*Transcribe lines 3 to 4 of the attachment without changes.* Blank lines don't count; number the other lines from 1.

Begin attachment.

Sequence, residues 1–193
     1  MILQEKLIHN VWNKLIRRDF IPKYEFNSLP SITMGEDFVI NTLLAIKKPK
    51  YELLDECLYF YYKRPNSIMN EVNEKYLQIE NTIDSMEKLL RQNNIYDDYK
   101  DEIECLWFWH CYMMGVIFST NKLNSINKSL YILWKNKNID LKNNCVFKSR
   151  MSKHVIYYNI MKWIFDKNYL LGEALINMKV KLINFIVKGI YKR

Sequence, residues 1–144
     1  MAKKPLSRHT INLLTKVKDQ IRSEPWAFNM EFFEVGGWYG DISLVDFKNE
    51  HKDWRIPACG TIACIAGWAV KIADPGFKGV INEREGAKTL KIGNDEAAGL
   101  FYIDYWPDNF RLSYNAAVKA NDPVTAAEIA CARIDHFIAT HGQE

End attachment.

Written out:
    51  YELLDECLYF YYKRPNSIMN EVNEKYLQIE NTIDSMEKLL RQNNIYDDYK
   101  DEIECLWFWH CYMMGVIFST NKLNSINKSL YILWKNKNID LKNNCVFKSR